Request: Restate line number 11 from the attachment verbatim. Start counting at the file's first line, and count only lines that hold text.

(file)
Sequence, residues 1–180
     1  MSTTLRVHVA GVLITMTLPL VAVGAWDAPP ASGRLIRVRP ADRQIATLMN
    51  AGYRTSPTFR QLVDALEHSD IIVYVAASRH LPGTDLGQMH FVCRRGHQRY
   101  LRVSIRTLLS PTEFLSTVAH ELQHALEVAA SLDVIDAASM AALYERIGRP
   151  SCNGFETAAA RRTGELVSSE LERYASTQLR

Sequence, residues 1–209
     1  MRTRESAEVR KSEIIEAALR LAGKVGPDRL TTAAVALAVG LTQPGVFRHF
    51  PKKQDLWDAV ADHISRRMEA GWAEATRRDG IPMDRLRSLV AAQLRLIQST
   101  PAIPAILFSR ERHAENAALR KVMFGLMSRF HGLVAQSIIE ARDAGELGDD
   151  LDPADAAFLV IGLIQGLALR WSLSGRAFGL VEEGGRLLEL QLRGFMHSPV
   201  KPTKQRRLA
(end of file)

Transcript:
   201  KPTKQRRLA